For decades, Vegas has had fabulous long-running live acts (say, Celine Dion parts one and two—I even went to her 200th performance), plus mainstays like Donnie and Marie, Elton John, Rod Stewart and Britney Spears. They're all worth seeing, of course. But for a long time, Las Vegas didn’t have much a live music scene in the sense that you couldn’t easily go hear music that wasn't a major production (or necessarily a big-ticket item). Indeed, it wasn’t until venues like The Joint at Hard Rock, Chelsea and Boulevard Pool at The Cosmopolitan and Brooklyn Bowl moved in that we’ve had such variety in our live-music repertoire. Now, mini-residencies like Kiss and Rascal Flatts are shaking up the way we plan our evenings out. (Otherwise, until fairly recently, a night out meant picking among eight Cirque du Soleil Shows, Celine, or the curiously alike stylings of several big-name DJs.) Here are some of the best of Vegas’s live-music venues, from the intimate to the unabashedly over-the-top spectacles:
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At 80,000 square feet, the new Brooklyn Bowl Las Vegas, located in The Linq, isn’t intimate per se. It’s a sprawling entertainment complex with multiple bars and seating areas, craft beer and upscale comfort food, a 32-lane bowling alley, and a concert arena holding 2,000 people. But the venue is divided into separate sections so it never feels overwhelming. Plus, you can bowl while you listen, thanks to sophisticated acoustics that muffle the sound of pins dropping. While it’s the third outpost of a franchise that started in Brooklyn, it’s a game changer on for the Strip, bridging the gab between the ultrachic (and usually ultra-expensive) style of a Strip nightclub and the laid-back vibe of a locals’ joint. Check the calendar for what’s coming, because the variety is astounding, from rock, rap, reggae and country to hip-hop and New Orleans jazz. Incidentally, it’s also a good venue for families—before 8 p.m.—where you can shoe-up even the tiniest bowlers before the concert crowds set in.
Boulevard Pool at The Cosmopolitan
The main pool at the Cosmopolitan’s Boulevard Pool converts into a platform to hold up to 3,000 people for the “Set Your Life to Music” concert series (and this year, it served as my formal introduction to Iggy Azalea, who seemed to become a Vegas fixture thereafter). During the Thursday night performances, the concert venue projects its performers onto the 65-foot screen, so everyone can get a little glimpse. And, you can get an unobstructed view of the Las Vegas Strip. (Just spring for VIP cabana seats with bottle service on the second floor, so you don’t have to hang with the sweaty mob on the pool level.)
Chelsea at the Cosmopolitan
The Chelsea, which was gutted and reconfigured last year, is considered The Cosmopolitan’s “intimate” venue, which never ceases to amuse me, since it’s a 40,000 square foot venue split over two levels which can accommodate somewhere north of 3,000 people (it can be reconfigured various ways). The vibe is 1940s-glam-meets-industrial, with gorgeous Art Deco metalwork and a lounge upstairs where you can sit on couches and order from the bar—not your usual pack-’em-in concert venue. In 2013, it was the perfect venue for the New Year’s Eve debut of Bruno Mars, and in 2014 hosted Tony Bennett and Lady Gaga for that year’s New Year’s celebration. Throughout the year, it’s host to a variety of fun concerts.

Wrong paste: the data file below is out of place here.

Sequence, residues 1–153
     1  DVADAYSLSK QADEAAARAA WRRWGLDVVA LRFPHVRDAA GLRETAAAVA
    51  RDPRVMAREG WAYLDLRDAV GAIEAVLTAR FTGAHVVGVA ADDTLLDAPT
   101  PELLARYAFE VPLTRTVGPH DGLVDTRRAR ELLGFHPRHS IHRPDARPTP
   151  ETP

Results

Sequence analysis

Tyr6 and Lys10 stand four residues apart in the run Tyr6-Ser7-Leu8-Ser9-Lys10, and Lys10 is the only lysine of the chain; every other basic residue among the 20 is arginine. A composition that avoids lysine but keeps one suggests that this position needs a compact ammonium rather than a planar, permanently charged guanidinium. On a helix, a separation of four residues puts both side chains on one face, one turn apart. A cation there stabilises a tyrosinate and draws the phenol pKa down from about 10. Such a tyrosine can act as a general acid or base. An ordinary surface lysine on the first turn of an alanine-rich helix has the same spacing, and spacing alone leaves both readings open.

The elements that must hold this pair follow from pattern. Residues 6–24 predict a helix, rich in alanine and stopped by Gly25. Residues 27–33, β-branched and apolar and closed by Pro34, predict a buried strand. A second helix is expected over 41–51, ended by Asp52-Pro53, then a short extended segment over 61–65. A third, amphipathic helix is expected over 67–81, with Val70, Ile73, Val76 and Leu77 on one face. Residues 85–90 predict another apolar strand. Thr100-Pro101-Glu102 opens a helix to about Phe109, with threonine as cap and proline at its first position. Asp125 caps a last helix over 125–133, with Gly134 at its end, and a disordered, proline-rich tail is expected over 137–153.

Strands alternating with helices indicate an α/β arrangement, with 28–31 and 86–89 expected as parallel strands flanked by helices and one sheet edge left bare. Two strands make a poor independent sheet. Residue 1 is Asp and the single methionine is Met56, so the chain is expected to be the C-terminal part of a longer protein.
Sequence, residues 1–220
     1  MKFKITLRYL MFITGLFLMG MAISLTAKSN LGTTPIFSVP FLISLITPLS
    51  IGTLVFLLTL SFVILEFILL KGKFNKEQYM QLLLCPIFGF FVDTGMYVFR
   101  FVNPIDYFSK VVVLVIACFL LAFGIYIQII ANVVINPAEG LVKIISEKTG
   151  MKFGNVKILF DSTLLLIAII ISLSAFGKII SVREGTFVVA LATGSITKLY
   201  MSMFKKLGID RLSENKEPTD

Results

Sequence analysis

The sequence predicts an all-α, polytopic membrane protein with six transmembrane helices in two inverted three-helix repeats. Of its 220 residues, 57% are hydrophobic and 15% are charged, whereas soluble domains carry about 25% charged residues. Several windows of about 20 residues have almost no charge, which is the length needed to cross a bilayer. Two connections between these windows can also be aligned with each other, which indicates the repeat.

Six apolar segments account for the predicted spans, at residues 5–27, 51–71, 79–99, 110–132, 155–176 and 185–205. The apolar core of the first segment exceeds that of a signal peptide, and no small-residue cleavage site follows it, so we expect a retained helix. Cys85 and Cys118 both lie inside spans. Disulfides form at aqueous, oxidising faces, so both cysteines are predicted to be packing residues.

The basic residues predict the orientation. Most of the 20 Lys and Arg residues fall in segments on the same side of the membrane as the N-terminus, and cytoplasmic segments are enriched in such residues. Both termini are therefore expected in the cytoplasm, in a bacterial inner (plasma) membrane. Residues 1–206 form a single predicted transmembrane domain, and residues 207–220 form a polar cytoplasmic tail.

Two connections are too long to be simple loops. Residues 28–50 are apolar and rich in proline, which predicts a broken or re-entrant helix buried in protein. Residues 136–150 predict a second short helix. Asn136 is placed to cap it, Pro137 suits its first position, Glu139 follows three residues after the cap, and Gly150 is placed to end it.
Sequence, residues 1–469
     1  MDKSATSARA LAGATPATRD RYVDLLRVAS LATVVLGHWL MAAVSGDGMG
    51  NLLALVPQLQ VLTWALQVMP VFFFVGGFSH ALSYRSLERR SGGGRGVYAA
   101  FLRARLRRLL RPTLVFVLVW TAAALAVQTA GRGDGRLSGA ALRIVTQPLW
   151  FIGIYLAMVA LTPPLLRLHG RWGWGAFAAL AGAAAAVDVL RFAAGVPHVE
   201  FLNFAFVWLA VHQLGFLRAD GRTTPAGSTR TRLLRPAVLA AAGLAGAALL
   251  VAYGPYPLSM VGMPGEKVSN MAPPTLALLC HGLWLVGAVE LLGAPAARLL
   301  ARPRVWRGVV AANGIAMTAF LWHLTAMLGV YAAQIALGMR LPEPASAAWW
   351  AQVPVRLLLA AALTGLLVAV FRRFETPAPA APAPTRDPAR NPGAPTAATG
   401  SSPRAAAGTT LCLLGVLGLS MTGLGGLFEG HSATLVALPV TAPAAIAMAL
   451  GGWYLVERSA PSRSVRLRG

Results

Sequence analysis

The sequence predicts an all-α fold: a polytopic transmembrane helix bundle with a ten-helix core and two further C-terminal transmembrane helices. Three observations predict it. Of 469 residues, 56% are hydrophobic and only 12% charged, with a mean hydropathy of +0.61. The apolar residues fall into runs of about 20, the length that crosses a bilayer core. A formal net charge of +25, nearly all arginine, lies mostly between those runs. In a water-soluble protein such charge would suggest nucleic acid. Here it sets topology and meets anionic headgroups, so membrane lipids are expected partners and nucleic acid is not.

The Joint at the Hard Rock
Many of the biggest names in music have played The Joint in Hard Rock since it first opened in 1995, including The Rolling Stones, Bob Dylan, Coldplay, The Killers and more. But the Joint doubled its space in 2009, now accommodating 4,000 people in a three-level venue that includes 700 fixed balcony seats, general-admission standing room on the floor and a second level VIP area with luxury boxes. But the “mini-residencies” are the greatest new thing about The Joint: KISS played a three-month stint here in 2014, followed by Rascal Flatts, with a nine-appearance residency, in 2015. The farthest seat in the house is 155 feet from the stage—pretty great viewing for any concert. Plus, massive motorized screens on each side of the stage project all the action all the way to the back.
The Colosseum at Caesars
Consider a massive theater based on the ancient Colosseum in Rome, though with 10 motorized stage lifts; 200 acoustical panels to control amplified sound; a state-of-the-art humidity control system; and a completely motorized backstage, all to the tune of about $95 million. Nothing is too good for perpetual money-earner Celine Dion (on break right now due to some family health concerns), for whom the Colosseum was originally built. With all the incredible technology—including a $10 million, 120-foot-wide by 40-foot-tall LED screen, which provides the illusion of 3D stage scenery (it’s the largest LED screen in North America)—this is one of the most awe-inducing performance spaces in America. And while it’s considered to be Celine’s theater, it also hosts other entertainers in its 4,296 capacity room, including Cher, Bette Midler, Elton John, Rod Stewart and Shania Twain—and Reba McEntire, Brooks & Dunn have just signed on where Shania left off. Find a concert there while you visit; the experience alone warrants a ticket.